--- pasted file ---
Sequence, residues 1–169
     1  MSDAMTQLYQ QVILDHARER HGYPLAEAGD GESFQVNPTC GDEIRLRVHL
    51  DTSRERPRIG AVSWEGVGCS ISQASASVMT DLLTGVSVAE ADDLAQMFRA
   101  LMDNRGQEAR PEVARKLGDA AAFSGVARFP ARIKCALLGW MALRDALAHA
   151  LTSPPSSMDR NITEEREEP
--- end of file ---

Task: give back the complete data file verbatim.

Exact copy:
Sequence, residues 1–169
     1  MSDAMTQLYQ QVILDHARER HGYPLAEAGD GESFQVNPTC GDEIRLRVHL
    51  DTSRERPRIG AVSWEGVGCS ISQASASVMT DLLTGVSVAE ADDLAQMFRA
   101  LMDNRGQEAR PEVARKLGDA AAFSGVARFP ARIKCALLGW MALRDALAHA
   151  LTSPPSSMDR NITEEREEP